Learn About All the Peruvian Pisco Grapes
In Peru, the eight grapes used in pisco production are separated into 2 categories: aromatic and non-aromatic. While the latter categorization might imply that some piscos lack aromas, we would like to clarify that all varieties of Peruvian pisco are highly aromatic. This is due to the production methods required by the Denomination of Origin in Peru. First, Peruvian pisco is distilled one time, which helps bring out the unique aromatic profile of each grape variety. Then it is aged in neutral casks, which enhances the aromas while preserving the original identity of the clear spirit.
In this post, we will list the flavors and aromas of each grape variety used in the production of Peruvian pisco: Quebranta, Negra Criolla, Uvina & Mollar (non-aromatic) and Italia, Torontel, Moscatel, and Albilla (aromatic).
Note: These are general tasting notes, as every pisco is different, depending on the region, the terroir of the vineyards and the methods of the distiller.
Origin: The Quebranta grape is a cross between Negra Criolla and Mollar grapes. It is the most common grape used in pisco production in Peru.
Pisco aromas: Banana, hay, lucuma, passionfruit, raisins, orange peel, dried grass & chocolate
Pisco flavors: Apple, hay, vanilla, peach, citrus, syrup, pecans, almonds
Origin: Spain. AKA Listan Prieto. It’s a cross between Muscat of Alexandria and another unknown vitis vinifera.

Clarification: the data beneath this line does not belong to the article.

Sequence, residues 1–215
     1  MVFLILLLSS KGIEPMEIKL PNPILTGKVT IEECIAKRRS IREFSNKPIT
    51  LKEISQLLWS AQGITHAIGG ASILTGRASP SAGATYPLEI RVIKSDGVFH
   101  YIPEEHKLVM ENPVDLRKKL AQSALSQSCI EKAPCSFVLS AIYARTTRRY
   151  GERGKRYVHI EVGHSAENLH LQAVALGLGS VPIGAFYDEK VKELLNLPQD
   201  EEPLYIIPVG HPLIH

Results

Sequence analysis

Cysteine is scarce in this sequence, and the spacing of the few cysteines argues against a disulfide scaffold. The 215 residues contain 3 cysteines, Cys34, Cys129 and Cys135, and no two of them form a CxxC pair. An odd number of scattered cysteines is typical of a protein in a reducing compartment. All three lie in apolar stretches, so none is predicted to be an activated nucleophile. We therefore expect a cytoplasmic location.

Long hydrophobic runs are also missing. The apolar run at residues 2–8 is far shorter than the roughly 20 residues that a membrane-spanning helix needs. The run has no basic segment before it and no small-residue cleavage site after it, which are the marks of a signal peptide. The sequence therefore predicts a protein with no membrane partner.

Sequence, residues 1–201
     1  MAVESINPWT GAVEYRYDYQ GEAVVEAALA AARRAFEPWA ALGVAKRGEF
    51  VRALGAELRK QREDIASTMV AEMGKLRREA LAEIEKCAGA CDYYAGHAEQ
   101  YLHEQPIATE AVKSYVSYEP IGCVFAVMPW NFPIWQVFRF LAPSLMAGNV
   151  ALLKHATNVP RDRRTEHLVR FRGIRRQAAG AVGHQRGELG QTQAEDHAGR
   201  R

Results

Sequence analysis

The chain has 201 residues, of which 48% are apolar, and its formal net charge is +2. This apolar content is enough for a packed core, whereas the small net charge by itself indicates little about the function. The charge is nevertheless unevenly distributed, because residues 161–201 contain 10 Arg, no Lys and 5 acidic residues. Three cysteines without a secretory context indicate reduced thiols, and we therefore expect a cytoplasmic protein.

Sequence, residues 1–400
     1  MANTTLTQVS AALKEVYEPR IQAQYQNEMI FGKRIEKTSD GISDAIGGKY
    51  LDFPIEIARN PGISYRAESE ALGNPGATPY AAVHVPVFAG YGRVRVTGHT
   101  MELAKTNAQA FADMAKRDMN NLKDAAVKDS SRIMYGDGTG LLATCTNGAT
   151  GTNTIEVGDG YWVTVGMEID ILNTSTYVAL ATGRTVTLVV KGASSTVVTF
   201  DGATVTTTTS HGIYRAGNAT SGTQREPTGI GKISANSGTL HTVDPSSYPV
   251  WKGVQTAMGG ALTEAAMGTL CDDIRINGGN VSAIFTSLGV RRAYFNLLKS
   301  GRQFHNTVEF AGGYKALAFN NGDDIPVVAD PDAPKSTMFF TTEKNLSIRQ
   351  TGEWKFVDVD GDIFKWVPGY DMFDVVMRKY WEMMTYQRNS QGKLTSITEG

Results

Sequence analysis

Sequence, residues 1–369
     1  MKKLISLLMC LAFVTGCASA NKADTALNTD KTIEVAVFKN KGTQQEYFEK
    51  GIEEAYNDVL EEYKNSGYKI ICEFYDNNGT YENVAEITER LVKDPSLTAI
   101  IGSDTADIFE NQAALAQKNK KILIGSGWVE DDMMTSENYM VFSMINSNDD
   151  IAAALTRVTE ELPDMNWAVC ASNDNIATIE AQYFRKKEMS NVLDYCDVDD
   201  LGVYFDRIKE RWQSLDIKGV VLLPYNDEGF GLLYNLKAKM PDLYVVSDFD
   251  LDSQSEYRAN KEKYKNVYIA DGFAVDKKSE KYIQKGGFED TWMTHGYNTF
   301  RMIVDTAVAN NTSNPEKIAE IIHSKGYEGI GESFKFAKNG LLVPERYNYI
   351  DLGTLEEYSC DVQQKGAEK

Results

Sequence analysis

Pisco aromas: Dried grass, apples, peaches, honey & chocolate
Pisco flavors: Spices, raisins, cocoa & caramel
Origin: Rootstock from the USA or France (possibly Summer grape or Winter grape) and another unknown vitis vinifera. It is similar to Quebranta, but Uvina is known for its green olive nuances.
Pisco aromas: Green olives, mango & banana
Pisco flavors: Green olives, berries & mango
Origin: Andalucia, Spain. AKA Mollar Cano, Mollar de Cádiz, Mollar de Granada & Mollar de Huelva. It is very similar to the Quebranta grape.
Pisco aromas: Honey, floral, apple & banana
Pisco flavors: Pear, apple, almond & banana
Origin: A cross between Muscat of Hamburg and Bican grapes. It was created in Italy in 1911 by Luigi and Alberto Pirovano.
Pisco aromas: Tropical fruit, mango, pineapple, peach, jasmine & rose petals
Pisco flavors: Lime, mandarin, flowers, orange blossom & tropical fruit
Origin: Muscat Blanc à Petits Grains. AKA Torrontés.
Pisco aromas: Flowers such as geranium, jasmine and magnolia, citrus, orange blossom & tropical fruit
Pisco flavors: Citrus, honey, tropical fruit & toffee
Origin: There is dispute about the origins of Peruvian Moscatel grapes. One theory is that it comes from the Muscat Rose à Petits Grains grape (Jiménez). This muscat grape is not to be confused with Italia, even though they are from the same family.
Pisco aromas: Vanilla, chestnuts, jasmine & mandarin
Pisco flavors: Peach, apple, flowers, cinnamon and spicy pepper
Origin: Spain. AKA Albillo Real
Pisco aromas: Lime, lemongrass, peach, apple, vanilla & cinnamon
Pisco flavors: Honey, peach, pineapple & apple
“Italia (Grape).” Wikipedia, Wikimedia Foundation, 7 May 2015, en.wikipedia.org/wiki/Italia_(grape).
Jiménez, Jorge. “Uvas Moscateles En El Pisco .” Excella by Andrea Bruno, https://www.excella-andreabruno.com/articulo.php?articulo=43.
“Noches De Cata Con Pisco ‘Cata Descriptiva’ .” El Pisco Es Del Perú, Feb. 2012, elpiscoesdelperu.com/web/boletin.php?ver=detnot&id=143&idboletin=101&idCfirstname.lastname@example.org.
Vera, Nico. “Genealogy of Pisco Grape Varietals.” Pisco Trail, 2018, www.piscotrail.com/.